Uncanny X-Men, X-Men, X-Men: Legacy, New Mutants, Wolverine and X-23 are all serving up two issues a month realness in November and, unless Wolverine and the X-Men get top billing due to the fact that they have Wolverine right in the name, that means the Uncanny X-Men, traditional herald of the Mutant titles, is now twice a month with new numbering. Make of this what you will.
Of course, looking over the X-Books it’s kind of hard to see what exactly we should be considering the main story of Marvel’s merry mutants and what title simply gets Miss Congeniality. We have the Regenesis angle, where the X-Men have split into two camps with two respective guys in charge of said groups. Wolverine’s crew of ‘We hate Broccoli’ are heading back to Westchester to face off against more Hellfire Club guys and “the villain of the most important X-Story ever” going at them as well. Uncanny X-Men starts with XXXXX and Scott Summers (who may make it out of this intact) on the “We Think You Need More Vegetables in Your Diet” side figuring out what’s to becoming of them and oh yes, “the resurrected Mister Sinister” is also back as well. Either way, while nebulous as what this is all going to be about is, it make some sense that there will be a change of philosophies or betrayals, etc that will give you two camps of X-Men to follow each month.
And oh yeah, X-MEN #20 & #21. The Adjectiveless book that will guest star Iron Man 2.0 to fight Sentinels with him. See, I just don’t get how this book fits into all that plot mentioned above. Is this an out of continuity book? Kind of Marvel Adventures style where you like the X-Men, you just don’t want to devote a collection to them? I’d buy that but then Iron Man 2.0 is there, telling me that now, this has to be all in continuity or that means everything else happening in the two main X-titles has nothing to do with the regular Marvel universe! Who are these X-Men anyway? What team is this? THIS IS NOT MY BEAUTIFUL HOUSE!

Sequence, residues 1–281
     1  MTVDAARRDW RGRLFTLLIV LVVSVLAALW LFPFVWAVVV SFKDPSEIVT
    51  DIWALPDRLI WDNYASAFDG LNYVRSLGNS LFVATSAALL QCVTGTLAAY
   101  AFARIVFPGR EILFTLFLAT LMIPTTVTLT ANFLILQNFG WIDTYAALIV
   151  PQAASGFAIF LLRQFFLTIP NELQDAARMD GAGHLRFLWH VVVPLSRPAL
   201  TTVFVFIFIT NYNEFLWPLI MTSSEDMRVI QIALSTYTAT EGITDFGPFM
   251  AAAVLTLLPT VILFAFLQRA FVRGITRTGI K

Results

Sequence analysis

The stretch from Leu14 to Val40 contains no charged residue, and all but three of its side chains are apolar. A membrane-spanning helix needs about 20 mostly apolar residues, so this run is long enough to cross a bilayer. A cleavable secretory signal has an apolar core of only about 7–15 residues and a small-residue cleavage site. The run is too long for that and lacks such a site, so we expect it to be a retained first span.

I suppose it doesn’t matter, or maybe it shouldn’t? Not to geek reference even harder than I have thus far, maybe I should think to myself it’s just a comic book, I should really just relax. At the end of the day, we’re all just reading stories and the amount of “importance” a book has or how much you should read in order to understand anything should really just come from the 28 pages of story contained behind the cover.
And on that philosophical note, I leave you to peruse for yourself the rest of Marvel’s Solicitations for November 2011. What are you looking forward to? What sort of numbering do you want to see? Tell all below and hey, let’s give a hand to everyone who had a hand in the KAPOW! GUINNESS WORLD RECORD SPECIAL #1, a pretty special feat on its own. “In April 2011, Mark Millar, Frank Quitely, Dave Gibbons, John Romita Jr, Leinil Yu, Paul Cornell, Andy Diggle, Jock, Duncan Fegrado, Sean Phillips and over fifty other comic-book creators joined forces with Kapow to break not one but TWO Guinness World Records – the fastest comic-book ever produced and the biggest number of creators working on a single comic. The Kapow Special stars Superior and was written, penciled, inked and lettered in less than 12 hours.” Hey, I may not dig Superior but I love Guinness World Records and the Yorkhill Sick Children’s Hospital, where all the proceeds for the book will be going to. Great work, guys.